Rachel Wallace, a former education programming associate and research assistant, is the Data Quality Campaign’s Spring 2021 Graduate Intern. She is passionate about using data to advance equitable learning opportunities and promote racial equity.
Over the past two years, states have received unprecedented levels of federal funding to safely reopen schools and accelerate COVID-19 recovery efforts. In December, DQC examined state plans for spending American Rescue Plan Elementary and Secondary School Emergency Relief (ARP ESSER) funds to better understand how state leaders are using data to identify needs, target resources, and measure student progress. Yet 90 percent of ESSER funds go directly to local education agencies (LEAs)—meaning districts also have a crucial role to play in deciding exactly how funds are allocated on the ground. We set out to discover what we can learn from LEA ESSER spending plans, focusing on availability, content, and the role of data and transparency in COVID-19 recovery efforts.
LEA funding plans vary widely by state in terms of availability, standardization, and content, creating barriers for comparison and understanding. Forty-three states have provided access to some LEA spending plans via the US Department of Education, yet the level and availability of information included varies between and even within states. One third of states did not require LEAs to include financial details, meaning many LEA plans lack critical data about how and where funds are being spent. Other states are publishing Back to School Plans more widely than ESSER Use of Funds Plans; these documents provide operational information but lack concrete details on how ESSER funds are being spent. This variation makes it difficult to compare plans between LEAs, both within and across states.
At least 13 states have taken measures to make information more consistent and available by providing standardized forms to compare and aggregate data, utilizing public grants management systems to track spending (AK, AZ, CT) or maintaining dashboards on LEA ARP ESSER funds (GA, MO, TN). Increased public ease of access will likely be necessary to thoroughly analyze where ESSER funds are going, allowing key stakeholders to understand how pandemic recovery funding directly affects students.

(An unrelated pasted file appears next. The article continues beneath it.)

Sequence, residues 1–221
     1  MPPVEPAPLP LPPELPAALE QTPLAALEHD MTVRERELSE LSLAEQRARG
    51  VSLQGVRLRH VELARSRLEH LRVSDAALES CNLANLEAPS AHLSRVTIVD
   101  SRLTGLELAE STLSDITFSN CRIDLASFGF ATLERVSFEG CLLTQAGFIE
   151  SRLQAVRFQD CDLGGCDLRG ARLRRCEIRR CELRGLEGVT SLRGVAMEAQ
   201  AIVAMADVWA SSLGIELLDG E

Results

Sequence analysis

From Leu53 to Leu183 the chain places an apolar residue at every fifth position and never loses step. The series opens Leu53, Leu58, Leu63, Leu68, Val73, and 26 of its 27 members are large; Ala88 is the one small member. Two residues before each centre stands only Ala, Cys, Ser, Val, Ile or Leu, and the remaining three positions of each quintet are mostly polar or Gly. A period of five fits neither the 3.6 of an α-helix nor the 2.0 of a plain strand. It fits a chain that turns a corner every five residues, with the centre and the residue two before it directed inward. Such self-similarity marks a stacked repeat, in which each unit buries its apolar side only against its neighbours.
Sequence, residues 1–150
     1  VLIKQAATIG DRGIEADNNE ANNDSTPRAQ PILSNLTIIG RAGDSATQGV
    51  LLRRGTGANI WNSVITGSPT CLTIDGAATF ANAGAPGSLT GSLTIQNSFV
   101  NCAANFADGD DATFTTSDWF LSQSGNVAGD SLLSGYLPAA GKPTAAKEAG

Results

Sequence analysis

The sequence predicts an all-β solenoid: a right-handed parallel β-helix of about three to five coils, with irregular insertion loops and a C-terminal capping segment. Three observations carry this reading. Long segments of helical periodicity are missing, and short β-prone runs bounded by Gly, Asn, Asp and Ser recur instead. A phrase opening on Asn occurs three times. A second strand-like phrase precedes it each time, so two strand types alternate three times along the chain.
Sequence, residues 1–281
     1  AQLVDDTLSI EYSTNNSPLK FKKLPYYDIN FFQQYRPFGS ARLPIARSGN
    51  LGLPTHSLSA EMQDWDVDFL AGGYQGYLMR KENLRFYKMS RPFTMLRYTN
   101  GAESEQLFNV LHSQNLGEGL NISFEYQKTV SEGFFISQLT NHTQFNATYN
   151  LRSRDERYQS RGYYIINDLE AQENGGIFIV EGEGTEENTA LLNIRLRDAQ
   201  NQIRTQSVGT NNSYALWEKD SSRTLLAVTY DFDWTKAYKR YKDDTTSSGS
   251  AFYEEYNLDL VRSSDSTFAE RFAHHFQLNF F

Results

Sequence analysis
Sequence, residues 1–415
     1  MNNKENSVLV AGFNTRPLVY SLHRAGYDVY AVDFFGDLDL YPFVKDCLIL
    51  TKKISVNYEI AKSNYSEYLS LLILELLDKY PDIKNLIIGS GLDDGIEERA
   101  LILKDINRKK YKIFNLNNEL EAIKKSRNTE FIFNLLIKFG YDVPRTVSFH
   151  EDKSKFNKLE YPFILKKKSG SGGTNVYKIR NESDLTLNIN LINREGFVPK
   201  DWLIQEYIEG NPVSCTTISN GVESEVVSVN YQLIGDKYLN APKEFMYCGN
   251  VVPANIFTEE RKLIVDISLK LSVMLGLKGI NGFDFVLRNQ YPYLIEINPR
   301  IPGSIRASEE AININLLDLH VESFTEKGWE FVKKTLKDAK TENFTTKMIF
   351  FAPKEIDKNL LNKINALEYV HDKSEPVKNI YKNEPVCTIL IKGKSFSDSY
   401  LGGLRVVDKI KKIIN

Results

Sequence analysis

Available information suggests that LEAs have many of the same spending priorities as state education agencies (SEAs). Both DQC’s and Future Ed’s analysis of state ARP ESSER plans highlight emphases on academic recovery, understanding of students’ social and emotional needs, and greater educator support. An analysis of 2500 LEAs—accounting for 53 percent of public school students in the US—highlighted five main priorities in LEA ESSER spending, many of which align with SEA priorities overall. These include:
- increased hiring, training, and recruitment and retention efforts
- programs to accelerate academic recovery through summer learning, afterschool programming, and tutoring efforts
- social and emotional supports, such as social-emotional learning, family and community engagement, and student and teacher mental health
- investments in technology and school facility improvements
Some LEA plans also highlight the role of data in informing action and ensuring transparency, a recurring theme in SEA ESSER plans. State ESSER plans revealed a strong commitment to data; 40 states explicitly identify data they will utilize to measure pandemic impact on students. As states continue to release, and perhaps standardize, LEA plans, more information will become available about the wider use of data in LEA plans. Early analysis highlights the diverse ways in which states and districts will use data:
- Districts in Illinois, Massachusetts, and Texas are using data to target funds to historically underserved populations and schools impacted most by the pandemic.
- In Connecticut and Texas, districts are leveraging data systems to address social and emotional needs and promote family engagement.
- Other states and districts are using data to understand and support students’ long-term pathways, such as by keeping students on-track for graduation, strengthening postsecondary and workforce data systems, and evaluating the long-term effectiveness of recovery programs.
As state agencies continue to release LEA ESSER spending plans, several tools are available to track trends and developments, promoting transparency in both state and local ARP ESSER spending. Sources include a dashboard for ESSER expenditure reports, an ESSER relief fund tracker, and an LEA plan database.
States and districts must continue to prioritize transparency in how and where ESSER funds are being spent. Leaders, researchers, and advocates need this information to understand how this historic investment impacts student outcomes and to compare the effectiveness of different strategies. Sharing this information publicly is also essential to building trust and maintaining public support for recovery efforts.